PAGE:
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Union Pacific Supports Paz de Cristo
UNION PACIFIC The Union Pacific railway runs right behind the Paz de Cristo facility. They are a generous supporter of Paz de Cristo and ran the following article in their company newsletter and social media site. Often the working poor and elderly living in Mesa, Arizona, are forced to choose between buying groceries and paying their utility bills. By June, it's already a blistering 111 degrees in Mesa. As a result, the Paz De Cristo Community Center sees an increase in attendance every summer. "If they can eat here, or get one of our food boxes, they can use their grocery money to pay the utilities," said Arlen Westling, director of the center. Located on the west side of a city with a population of more than 455,000, Paz De Cristo Community Center is the only organization in the region that offers a hot meal every night. About 55 percent of the evening meal guests Paz De Cristo serves are homeless. The rest are the working poor, senior citizens or struggling single-parent families. In addition to a hot meal every night, Paz De Cristo also distributes about 1,300 food boxes every month. Each food box feeds a family of four for three days. As impressive as that is, Paz De Cristo provides more than food. "We provide all the basic things that might empower someone to make a go of it on their own," Westling said. more . . .
Paz gets new mural
The next time you come to Paz you will notice a new painting on the outside of our office entrance. You may remember the story in the AZ Republic in May about one of our employees being united with his sons after 19 years due to the publicity generated by our recent fire. Jean-Pierre Verdijo, the eldest son of Marcial works for a non-profit in Austin, TX called “Young Artists in Service”. The program works to create opportunities for young people to deepen into the spirit of service by engaging their communities through art. Jean-Pierre recruited some local youngsters to assist him in creating this mural. Thanks JP! The mural is a wonderful addition to Paz.
A Blessing in Disguise
There is an incredible story about one of our employees who first discovered the fire. The Mesa Fire Department awarded Lidia Beltran & Marcial Verdejo the “Good Samaritan Award” for their quick action in putting out the fire and preventing the fire from spreading and doing more damage.  They were interviewed on several local TV channels and two of Marcials sons saw the interview and have reunited with Marcial after 19 years. The day after the news stories were reported, we received a call at Paz from one of Marcials’ sons by the name of Marcial Verdejo Jr.  He told us he had not seen his Dad in 15 years and saw the news clip on the local news in Racine, WI.  He was very excited to learn the whereabouts of his Dad and asked that we have Marcial call him.  As you can imagine, it was a very emotional call for Marcial once he was able to get back in touch with his son. Marcial last saw his son when he was about 10-12 years of age, when his mother left Marcial and took the children with her. The next day we received a voice mail from another of Marcial’s sons by the name of Jean Pierre, who works at a nonprofit near Austin, TX.  He had been contacted by Marcial Jr. and also viewed the Fox interview.  He told us that he had not seen his father for 18 years, that he was very proud of him and would we please ask him to call since he had so much to tell him.  We could not help but sense the emotion and excitement in his voice on the message he left. Jean Pierre said he grew up in homeless shelters and now works for a non-profit in Austin, Texas. He is making plans to visit Marcial in Phoenix this summer along with his son. Marcial says that this situation has changed his life and his view of himself as a person of worth. He looks forward to the opportunity to reunite with his children soon.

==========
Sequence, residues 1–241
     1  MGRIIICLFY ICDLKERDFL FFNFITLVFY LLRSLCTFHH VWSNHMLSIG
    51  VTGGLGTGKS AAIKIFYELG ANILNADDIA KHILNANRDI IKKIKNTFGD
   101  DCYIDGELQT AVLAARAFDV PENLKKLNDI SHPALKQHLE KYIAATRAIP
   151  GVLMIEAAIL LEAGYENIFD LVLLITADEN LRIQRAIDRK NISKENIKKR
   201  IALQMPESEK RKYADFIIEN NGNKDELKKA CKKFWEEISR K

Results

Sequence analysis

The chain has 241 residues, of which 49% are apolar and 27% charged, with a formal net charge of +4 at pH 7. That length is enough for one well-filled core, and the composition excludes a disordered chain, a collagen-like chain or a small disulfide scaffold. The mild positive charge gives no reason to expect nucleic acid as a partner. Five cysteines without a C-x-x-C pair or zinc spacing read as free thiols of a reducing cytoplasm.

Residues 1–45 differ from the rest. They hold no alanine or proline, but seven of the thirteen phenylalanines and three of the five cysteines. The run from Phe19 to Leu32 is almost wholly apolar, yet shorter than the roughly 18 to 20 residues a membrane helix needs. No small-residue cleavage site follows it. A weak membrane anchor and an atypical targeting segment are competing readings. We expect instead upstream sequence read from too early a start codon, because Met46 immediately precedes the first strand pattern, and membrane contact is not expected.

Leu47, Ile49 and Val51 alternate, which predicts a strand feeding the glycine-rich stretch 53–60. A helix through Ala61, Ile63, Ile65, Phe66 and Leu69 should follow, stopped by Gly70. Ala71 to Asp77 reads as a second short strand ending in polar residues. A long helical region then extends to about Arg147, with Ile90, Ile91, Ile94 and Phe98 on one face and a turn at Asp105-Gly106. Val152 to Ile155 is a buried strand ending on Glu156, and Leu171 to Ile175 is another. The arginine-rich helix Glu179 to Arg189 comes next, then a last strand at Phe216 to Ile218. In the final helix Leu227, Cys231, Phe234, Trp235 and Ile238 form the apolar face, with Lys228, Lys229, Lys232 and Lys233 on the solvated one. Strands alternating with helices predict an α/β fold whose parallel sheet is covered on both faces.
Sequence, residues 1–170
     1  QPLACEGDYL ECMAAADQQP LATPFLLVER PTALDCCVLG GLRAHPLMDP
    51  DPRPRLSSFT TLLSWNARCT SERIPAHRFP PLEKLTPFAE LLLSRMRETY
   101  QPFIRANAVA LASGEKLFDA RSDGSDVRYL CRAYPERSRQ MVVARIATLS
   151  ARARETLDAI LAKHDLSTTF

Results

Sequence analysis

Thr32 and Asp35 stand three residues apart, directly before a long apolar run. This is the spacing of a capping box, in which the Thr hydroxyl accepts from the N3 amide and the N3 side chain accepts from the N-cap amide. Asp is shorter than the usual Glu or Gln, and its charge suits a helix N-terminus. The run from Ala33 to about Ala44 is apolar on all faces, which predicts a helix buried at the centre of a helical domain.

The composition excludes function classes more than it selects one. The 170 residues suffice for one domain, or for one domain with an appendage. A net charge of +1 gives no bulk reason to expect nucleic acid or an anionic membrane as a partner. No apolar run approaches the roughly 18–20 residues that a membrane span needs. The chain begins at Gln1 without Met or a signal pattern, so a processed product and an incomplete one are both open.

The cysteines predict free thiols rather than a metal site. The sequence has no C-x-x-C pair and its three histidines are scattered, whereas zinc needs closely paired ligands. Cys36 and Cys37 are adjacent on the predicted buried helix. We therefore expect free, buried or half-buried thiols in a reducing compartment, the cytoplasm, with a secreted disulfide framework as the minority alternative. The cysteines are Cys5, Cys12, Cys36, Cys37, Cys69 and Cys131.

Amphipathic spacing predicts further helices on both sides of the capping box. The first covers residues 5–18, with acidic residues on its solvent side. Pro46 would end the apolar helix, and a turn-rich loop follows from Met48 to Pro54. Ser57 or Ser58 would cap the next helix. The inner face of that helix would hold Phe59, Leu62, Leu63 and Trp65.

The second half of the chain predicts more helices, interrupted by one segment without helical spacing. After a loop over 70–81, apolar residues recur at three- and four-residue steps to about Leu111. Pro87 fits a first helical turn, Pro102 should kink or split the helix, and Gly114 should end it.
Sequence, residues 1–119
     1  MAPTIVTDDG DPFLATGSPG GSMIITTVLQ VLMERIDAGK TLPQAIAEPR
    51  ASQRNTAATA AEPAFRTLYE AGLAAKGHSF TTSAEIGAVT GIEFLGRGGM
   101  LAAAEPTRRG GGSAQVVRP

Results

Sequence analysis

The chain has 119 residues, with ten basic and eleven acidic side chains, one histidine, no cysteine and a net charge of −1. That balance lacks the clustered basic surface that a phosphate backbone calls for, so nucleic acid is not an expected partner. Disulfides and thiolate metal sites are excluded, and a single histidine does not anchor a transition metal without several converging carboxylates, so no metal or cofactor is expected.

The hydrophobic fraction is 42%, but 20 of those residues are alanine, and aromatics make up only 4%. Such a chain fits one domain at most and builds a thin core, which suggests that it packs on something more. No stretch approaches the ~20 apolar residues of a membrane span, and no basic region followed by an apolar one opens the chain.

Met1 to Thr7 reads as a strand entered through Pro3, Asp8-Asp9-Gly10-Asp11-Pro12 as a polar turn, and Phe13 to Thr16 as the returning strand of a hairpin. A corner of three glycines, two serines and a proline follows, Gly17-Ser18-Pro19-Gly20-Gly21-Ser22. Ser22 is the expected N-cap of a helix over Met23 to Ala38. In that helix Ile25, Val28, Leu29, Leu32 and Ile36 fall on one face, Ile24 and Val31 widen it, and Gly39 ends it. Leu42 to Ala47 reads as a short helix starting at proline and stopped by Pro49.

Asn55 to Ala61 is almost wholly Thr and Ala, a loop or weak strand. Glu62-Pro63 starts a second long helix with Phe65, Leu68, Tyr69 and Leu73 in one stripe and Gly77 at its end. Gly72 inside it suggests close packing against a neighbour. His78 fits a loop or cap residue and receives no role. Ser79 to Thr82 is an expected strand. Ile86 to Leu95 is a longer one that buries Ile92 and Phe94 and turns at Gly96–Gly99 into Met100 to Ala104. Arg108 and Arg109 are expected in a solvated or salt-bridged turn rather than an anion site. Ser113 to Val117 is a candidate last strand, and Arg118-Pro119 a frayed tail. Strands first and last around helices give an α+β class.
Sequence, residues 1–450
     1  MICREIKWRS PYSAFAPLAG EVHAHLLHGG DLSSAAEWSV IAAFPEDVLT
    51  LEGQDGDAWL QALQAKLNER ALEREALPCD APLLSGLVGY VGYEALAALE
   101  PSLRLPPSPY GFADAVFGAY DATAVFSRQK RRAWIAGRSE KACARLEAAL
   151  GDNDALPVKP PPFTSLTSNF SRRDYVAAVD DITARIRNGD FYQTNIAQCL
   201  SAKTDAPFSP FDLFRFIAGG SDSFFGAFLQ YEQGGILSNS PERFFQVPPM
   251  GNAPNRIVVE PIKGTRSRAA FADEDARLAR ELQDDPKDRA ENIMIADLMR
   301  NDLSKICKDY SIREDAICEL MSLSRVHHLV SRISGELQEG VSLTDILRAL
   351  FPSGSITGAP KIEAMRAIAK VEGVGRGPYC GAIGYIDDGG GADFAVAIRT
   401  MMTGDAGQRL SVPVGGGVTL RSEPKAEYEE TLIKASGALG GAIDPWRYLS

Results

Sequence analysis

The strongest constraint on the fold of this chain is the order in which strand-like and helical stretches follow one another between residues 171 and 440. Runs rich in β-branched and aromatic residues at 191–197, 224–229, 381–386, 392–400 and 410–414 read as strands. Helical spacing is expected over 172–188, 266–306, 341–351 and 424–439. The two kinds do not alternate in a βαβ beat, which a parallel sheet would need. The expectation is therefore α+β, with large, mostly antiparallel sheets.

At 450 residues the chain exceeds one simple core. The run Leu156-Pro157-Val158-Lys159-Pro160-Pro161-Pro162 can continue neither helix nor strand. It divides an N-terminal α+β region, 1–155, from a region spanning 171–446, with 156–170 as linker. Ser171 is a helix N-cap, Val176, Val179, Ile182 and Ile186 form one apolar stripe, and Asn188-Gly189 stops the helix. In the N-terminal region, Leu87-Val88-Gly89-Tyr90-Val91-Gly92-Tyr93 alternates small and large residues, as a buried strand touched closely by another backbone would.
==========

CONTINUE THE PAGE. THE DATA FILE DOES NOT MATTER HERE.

The History of Paz de Cristo